This weekend marks the 100th birthday of the late Thomas Phillip "Tip" O’Neill, former Speaker of the House of Representatives. Greater Boston Executive Producer Linda Polach reflects on her experiences with O’Neill.

There is a photo of Tip O’Neill and me on the wall in my office. We look like buddies and he signed it, “Best wishes from an old friend.” But I’d be lying if I said the former Speaker of the House, one of the most powerful and effective members of Congress, was my close pal. In truth, I was a broadcast producer who got the chance to interview him many times over his congressional tenure.  

I, like many others who knew him either from the Hill or his old Cambridge neighborhood, will be marking his legacy this weekend as we commemorate his 100th birthday. It seems a fitting time to recall one special day more than 20 years ago, when I took one hell of a wild ride with Tip O’Neill. 

Despite the Speaker’s mighty stature on the national stage, he understood the value of an honest and ongoing relationship with the local media. So on Nov. 19, 1991, he gave local news anchor Natalie Jacobson and me permission to follow him with a camera as he went to the White House. He had recently retired and was going to to receive the nation’s highest civilian honor, the Presidential Medal of Freedom from his former nemesis, President George H.W. Bush.   

We met Tip and his wife Millie at their home outside Washington. The plan was for Natalie to ride with the Speaker and interview him on camera on the way to 1600 Pennsylvania Avenue. My job was to follow behind in a rental car.  His last words to me before his driver took off were, “When you get to the White House, tell them you’re with ME!” It sounded good.

The first part of the plan went well.  The Speaker talked candidly and humbly on camera in the car about the honor he would receive.  My job was to simply follow the town car and keep up.  But rush-hour D.C. traffic was a challenge and I feared losing them.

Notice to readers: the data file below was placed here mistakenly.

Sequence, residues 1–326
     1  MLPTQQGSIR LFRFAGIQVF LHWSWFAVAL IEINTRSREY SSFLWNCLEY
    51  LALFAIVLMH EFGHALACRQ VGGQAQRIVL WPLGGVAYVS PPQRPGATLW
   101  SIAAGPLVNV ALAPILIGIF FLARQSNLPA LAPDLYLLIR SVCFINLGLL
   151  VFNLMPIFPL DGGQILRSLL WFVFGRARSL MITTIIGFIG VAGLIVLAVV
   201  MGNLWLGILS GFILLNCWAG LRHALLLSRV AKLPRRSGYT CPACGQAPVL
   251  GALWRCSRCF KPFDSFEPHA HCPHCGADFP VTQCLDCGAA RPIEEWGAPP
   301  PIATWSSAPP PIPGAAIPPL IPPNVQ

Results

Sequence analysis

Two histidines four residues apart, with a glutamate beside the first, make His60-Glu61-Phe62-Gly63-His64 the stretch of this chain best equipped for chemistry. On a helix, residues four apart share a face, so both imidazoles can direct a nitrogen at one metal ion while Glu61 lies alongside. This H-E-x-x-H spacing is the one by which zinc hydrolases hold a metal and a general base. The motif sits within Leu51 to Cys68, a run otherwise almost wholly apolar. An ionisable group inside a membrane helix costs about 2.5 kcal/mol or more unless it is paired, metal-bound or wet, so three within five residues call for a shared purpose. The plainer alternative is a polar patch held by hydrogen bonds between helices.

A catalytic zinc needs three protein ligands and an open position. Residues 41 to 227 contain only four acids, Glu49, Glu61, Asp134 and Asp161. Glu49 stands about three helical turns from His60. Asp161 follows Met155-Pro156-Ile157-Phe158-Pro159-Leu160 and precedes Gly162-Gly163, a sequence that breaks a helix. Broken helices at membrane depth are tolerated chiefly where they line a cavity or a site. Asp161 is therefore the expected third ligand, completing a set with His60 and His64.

It turned out that was nothing compared to what I faced when we got to the White House. As expected, Natalie and Tip drove past the security fortress and straight on to White House grounds. In the distance, I could see them getting out of the car and meeting former first lady Betty Ford, who was also receiving the Medal of Freedom that day. But when I drove up to the gate, at least three security guards stormed my car and pointed submachine guns at my face. They didn’t even hear me whisper , “The Speaker said to tell you I’m with him.” Instead, they screamed, “What the hell are you doing?! Turn the car around and leave the premises… now!”

I knew I only had a few minutes to drive the rental to a nearby parking lot and race back to the White House for the ceremony. I successfully reunited with Natalie and my luck changed, as we were given prime seats at the ceremony. Tip was certainly in good company on that stage, as he stood next to Ted Williams and Betty Ford.

There was one little technical snafu that actually worked to our advantage. We had forgotten to take the lavaliere microphone off the Speaker when he got out of the car. And he ended up wearing it as he went up to the stage to receive his award.  So when the President, the man he had battled on so many issues whispered into Tip’s ear, “Congratulations, my old friend,” it was a priceless, poignant sound bite that really illustrated how back in those days, even politicians on opposite sides of the issues had mutual respect.

Later, at a special congratulatory luncheon, that same microphone, still strapped to Tip’s lapel, created a minor ruckus.  Seated next to Tip at the private affair was first lady Barbara Bush, who at one point noticed the mike and yelled, “Mr. Speaker, you’re wired!” Aghast and embarrassed, Mr. O’Neill later chewed us out privately for forgetting to take off the mike, which we had at least turned off.

That was only one of my memorable moments with the Speaker. During interviews with him at his home in Harwich, he entertained us with stories from his 10-year tenure as speaker. And often, the funniest tales were personal ones, like how President Nixon cheated when they played cards.

As the saying goes, he was truly one of a kind; a politician who always remembered where he came from and took his obligation to the people seriously. I wonder what he would say about his beloved Congress today.